When young kids start learning skiing, they are often told not to use their poles. This makes lots of sense because pole usage at an early age could create bad habits such as leaning back and standing upright. Yet this doesn’t necessarily mean that older children or adults should avoid using poles. If a piece of sports equipment has existed for a long time and been used by elite athletes, most likely there is a technical reason behind it.
Now let’s take a look at the function of ski poles (we will leave more detailed discussion of various types of pole usage to K-Learning).
Simply put, pole usage has two functions: (1) direct the movement of center of mass (CoM); and (2) add fluidity and subtlety. While most skiers know CoM movement is key to skiing, a major challenge is how to initiate this movement in a split second. Pole swing and pole touch/plant are useful in this regard because they help the skier move CoM diagonally down the hill and maintain pressure toward the tip of the skis. Moreover, correct pole usage could help the skier tip his/her skis to an appropriate angle and stabilize the upper body. These are all subtle movements in skiing; together subtleties help smoothen transition and create fluid skiing.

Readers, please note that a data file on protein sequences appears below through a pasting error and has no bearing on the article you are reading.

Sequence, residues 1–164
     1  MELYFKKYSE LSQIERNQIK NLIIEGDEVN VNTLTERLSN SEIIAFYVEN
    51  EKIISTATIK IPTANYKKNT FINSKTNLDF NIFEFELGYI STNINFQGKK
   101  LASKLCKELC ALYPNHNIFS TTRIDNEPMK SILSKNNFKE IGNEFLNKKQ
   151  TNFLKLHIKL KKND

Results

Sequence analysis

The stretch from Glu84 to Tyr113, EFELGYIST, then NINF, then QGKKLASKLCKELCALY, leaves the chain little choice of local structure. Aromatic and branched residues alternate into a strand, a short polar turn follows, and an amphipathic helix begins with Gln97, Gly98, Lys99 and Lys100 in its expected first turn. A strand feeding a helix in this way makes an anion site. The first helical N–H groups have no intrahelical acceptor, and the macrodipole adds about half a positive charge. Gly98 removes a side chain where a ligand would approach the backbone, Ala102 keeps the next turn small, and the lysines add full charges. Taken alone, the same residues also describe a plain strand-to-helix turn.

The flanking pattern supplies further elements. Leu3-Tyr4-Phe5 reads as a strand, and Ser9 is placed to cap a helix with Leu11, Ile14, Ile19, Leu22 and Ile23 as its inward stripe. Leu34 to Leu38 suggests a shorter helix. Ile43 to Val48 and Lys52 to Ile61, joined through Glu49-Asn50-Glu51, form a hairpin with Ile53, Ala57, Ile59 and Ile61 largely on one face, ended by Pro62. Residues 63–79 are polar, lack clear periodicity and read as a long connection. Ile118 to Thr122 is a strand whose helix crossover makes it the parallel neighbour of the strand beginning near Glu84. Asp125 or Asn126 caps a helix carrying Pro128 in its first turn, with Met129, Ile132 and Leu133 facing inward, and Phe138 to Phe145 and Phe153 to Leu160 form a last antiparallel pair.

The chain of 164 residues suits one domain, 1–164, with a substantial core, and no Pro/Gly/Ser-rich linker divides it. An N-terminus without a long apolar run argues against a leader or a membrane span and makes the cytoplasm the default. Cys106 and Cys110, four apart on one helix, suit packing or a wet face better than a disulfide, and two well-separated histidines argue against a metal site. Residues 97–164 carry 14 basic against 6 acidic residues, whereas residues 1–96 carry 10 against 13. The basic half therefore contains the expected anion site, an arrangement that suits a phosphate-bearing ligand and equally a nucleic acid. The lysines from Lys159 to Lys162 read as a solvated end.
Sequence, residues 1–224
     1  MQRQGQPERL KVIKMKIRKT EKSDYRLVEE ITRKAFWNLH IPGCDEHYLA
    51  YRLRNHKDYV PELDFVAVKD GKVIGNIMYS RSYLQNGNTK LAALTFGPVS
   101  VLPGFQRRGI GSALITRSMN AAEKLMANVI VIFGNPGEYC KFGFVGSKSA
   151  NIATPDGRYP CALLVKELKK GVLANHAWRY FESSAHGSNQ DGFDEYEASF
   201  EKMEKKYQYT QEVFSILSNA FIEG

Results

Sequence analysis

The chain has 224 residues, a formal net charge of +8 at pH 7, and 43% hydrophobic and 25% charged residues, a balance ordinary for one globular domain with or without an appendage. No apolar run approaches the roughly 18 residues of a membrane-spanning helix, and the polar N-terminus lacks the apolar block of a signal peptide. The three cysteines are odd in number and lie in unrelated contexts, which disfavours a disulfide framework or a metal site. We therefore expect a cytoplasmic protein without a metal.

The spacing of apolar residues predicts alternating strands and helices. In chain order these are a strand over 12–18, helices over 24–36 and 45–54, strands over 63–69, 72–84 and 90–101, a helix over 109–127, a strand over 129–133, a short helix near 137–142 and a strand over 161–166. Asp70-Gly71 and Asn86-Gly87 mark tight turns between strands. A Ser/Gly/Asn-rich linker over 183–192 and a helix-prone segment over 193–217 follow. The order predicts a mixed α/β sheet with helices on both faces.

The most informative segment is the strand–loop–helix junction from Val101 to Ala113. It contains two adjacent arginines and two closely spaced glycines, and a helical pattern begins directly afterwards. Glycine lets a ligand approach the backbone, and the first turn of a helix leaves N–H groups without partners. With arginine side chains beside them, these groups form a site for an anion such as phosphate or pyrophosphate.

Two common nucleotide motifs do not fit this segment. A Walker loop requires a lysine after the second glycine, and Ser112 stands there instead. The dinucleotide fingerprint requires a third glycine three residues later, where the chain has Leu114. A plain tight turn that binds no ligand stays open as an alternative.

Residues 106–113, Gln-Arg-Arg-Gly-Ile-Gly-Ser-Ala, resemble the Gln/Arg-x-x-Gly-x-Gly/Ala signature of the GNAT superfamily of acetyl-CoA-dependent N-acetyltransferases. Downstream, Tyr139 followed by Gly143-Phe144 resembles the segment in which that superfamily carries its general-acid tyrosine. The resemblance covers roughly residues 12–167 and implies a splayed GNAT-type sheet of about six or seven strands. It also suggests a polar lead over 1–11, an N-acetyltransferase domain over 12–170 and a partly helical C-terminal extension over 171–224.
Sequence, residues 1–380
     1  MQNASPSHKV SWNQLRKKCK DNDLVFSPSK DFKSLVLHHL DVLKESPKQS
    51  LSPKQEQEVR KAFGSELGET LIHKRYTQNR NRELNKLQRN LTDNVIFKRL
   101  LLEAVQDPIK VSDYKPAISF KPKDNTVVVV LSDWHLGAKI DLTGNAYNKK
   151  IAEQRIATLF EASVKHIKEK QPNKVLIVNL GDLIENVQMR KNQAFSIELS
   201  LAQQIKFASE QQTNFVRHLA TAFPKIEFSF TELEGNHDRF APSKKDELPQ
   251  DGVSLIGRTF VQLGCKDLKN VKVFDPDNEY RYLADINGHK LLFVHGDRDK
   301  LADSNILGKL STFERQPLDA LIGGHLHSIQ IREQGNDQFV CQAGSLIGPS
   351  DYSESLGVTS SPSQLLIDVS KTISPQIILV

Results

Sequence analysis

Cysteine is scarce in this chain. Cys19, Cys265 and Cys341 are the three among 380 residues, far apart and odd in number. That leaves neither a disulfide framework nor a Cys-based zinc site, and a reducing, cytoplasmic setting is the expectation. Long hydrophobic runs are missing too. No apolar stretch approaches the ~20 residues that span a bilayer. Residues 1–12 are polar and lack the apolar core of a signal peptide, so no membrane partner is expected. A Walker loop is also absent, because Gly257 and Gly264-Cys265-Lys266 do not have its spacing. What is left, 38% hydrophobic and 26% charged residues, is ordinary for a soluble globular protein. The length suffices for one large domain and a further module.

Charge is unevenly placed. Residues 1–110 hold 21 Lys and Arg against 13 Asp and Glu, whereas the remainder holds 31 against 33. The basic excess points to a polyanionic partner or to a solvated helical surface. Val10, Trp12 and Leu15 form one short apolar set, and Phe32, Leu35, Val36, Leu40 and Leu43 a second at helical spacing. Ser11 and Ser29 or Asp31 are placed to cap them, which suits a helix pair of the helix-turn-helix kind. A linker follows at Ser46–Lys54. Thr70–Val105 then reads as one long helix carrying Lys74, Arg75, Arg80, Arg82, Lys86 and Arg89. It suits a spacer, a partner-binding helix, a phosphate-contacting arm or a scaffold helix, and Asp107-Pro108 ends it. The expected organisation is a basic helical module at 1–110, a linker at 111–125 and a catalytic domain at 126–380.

At a more advanced level, as the US Ski and Snowboard Association (USSA) noted, too often learning proper pole usage is neglected in race training; this neglect in the long run will impede athlete development. While sometimes we have to use slow motion to see the almost invisible pole touch in a World Cup giant slalom (GS) race, if a racer could save .01 seconds in passing each gate by using poles properly, all together it means 0.5 to 0.6 seconds, big enough to determine who wins the race.
Every skier needs a toolbox. Don’t forget to put pole usage in it.